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Depress Anxiety. 2015 Oct;32(10):737-43. doi: 10.1002/da.22390. Epub 2015 Jul 2.

LONG-TERM OUTCOME IN PEDIATRIC TRICHOTILLOMANIA.

Author information

1
Yale Child Study Center, New Haven, Connecticut.
2
Arizona State University.
3
Department of Psychiatry, Yale University, New Haven, Connecticut.

Abstract

OBJECTIVE:

To examine long-term outcome in children with trichotillomania.

METHOD:

We conducted follow-up clinical assessments an average of 2.8 ± 0.8 years after baseline evaluation in 30 of 39 children who previously participated in a randomized, double-blind, placebo-controlled trial of N-acetylcysteine (NAC) for pediatric trichotillomania. Our primary outcome was change in hairpulling severity on the Massachusetts General Hospital Hairpulling Hospital Hairpulling Scale (MGH-HPS) between the end of the acute phase and follow-up evaluation. We also obtained secondary measures examining styles of hairpulling, comorbid anxiety and depressive symptoms, as well as continued treatment utilization. We examined both correlates and predictors of outcome (change in MGH-HPS score) using linear regression.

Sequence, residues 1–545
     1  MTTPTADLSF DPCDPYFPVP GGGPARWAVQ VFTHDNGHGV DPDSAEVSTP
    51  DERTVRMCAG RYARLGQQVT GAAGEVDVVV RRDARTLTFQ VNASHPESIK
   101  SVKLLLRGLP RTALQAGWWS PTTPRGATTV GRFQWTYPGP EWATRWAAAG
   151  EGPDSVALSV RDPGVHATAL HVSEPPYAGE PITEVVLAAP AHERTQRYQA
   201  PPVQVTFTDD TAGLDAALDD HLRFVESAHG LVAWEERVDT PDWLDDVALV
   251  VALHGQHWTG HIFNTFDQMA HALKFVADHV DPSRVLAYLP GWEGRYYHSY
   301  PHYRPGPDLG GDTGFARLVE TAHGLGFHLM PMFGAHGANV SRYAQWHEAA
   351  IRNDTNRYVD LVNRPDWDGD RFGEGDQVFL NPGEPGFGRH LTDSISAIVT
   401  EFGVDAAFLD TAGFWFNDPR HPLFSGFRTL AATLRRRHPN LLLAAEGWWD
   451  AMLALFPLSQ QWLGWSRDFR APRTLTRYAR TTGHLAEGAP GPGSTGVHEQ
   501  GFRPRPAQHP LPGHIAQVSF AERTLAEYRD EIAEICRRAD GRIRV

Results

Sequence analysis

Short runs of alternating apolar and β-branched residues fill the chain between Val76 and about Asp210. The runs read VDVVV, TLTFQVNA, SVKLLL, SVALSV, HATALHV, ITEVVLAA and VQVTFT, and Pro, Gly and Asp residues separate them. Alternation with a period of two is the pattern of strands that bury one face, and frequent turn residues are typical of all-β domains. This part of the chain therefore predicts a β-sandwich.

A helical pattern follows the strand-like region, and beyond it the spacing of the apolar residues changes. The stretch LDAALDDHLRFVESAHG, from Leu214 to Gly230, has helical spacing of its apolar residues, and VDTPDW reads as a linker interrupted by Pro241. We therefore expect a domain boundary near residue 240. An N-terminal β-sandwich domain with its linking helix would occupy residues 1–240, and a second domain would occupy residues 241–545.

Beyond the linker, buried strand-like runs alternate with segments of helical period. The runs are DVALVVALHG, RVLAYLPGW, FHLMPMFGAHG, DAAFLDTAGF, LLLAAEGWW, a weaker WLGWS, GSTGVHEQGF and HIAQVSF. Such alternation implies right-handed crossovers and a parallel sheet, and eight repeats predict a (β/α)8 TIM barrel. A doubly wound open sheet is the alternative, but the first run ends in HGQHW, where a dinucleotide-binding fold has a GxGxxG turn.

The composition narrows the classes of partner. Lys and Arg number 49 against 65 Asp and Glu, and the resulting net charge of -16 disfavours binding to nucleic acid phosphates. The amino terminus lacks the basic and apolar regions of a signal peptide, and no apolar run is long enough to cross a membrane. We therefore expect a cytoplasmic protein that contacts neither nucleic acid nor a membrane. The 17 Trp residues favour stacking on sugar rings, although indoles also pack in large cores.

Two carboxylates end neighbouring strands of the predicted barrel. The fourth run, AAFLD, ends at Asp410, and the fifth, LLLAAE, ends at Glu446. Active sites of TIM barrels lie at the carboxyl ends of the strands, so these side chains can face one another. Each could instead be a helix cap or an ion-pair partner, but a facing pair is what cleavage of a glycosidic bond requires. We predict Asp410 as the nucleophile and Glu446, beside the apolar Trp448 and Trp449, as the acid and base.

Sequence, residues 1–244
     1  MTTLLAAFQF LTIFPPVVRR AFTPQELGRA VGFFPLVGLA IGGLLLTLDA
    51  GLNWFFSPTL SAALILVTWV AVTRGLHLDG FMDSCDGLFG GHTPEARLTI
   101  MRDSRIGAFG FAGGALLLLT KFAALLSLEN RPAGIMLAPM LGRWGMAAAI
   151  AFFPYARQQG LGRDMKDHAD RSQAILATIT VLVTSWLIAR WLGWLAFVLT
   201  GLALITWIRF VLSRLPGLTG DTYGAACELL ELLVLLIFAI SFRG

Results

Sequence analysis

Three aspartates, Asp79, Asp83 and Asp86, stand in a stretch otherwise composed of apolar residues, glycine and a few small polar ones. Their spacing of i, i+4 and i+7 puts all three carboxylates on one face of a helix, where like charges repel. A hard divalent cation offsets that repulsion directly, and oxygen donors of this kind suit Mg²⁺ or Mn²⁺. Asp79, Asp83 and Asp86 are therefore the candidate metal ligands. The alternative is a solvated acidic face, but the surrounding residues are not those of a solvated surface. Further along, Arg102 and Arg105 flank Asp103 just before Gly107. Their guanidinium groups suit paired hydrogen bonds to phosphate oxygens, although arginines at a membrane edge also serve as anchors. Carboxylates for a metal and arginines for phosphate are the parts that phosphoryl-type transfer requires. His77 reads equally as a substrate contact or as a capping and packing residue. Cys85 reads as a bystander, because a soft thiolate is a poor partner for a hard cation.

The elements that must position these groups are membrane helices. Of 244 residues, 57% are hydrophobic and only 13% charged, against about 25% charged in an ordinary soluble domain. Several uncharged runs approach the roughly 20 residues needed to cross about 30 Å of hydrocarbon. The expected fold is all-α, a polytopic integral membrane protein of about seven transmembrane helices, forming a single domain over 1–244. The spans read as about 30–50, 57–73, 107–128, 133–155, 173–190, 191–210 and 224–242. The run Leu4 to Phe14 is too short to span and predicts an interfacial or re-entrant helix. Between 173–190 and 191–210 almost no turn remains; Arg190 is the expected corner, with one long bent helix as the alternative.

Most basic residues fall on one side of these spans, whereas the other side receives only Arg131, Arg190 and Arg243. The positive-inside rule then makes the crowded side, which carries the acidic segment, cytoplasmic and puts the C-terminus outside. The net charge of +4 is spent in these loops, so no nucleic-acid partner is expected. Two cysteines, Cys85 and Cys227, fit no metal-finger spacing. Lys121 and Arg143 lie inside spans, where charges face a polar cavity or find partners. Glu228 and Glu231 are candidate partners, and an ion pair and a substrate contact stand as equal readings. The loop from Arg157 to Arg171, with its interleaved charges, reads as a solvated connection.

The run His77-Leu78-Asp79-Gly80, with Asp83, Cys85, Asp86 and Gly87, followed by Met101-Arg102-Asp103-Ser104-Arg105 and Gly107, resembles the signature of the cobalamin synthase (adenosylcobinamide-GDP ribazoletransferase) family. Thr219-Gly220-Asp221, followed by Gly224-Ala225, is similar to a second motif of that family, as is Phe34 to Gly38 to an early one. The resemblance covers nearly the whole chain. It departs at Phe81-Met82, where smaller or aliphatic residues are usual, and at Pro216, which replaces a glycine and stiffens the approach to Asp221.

RESULTS:

None of the participants continued to take NAC at the time of follow-up assessment. No significant changes in hairpulling severity were reported over the follow-up period. Subjects reported significantly increased anxiety and depressive symptoms but improvement in automatic pulling symptoms. Increased hairpulling symptoms during the follow-up period were associated with increased depression and anxiety symptoms and increased focused pulling. Older age and greater focused pulling at baseline assessment were associated with poor long-term prognosis.

CONCLUSIONS:

Our findings suggest that few children with trichotillomania experience a significant improvement in trichotillomania symptoms if behavioral treatments are inaccessible or have failed to produce adequate symptom relief. Our findings also confirm results of previous cross-sectional studies that suggest an increased risk of depression and anxiety symptoms with age in pediatric trichotillomania. Increased focused pulling and older age among children with trichotillomania symptoms may be associated with poorer long-term prognosis.

TRIAL REGISTRATION:

ClinicalTrials.gov NCT00993265.

KEYWORDS:

N-acetylcysteine; anxiety; depression; longitudinal studies; trichotillomania

PMID:
26139231
PMCID:
PMC4591183
DOI:
10.1002/da.22390
[Indexed for MEDLINE]
Free PMC Article
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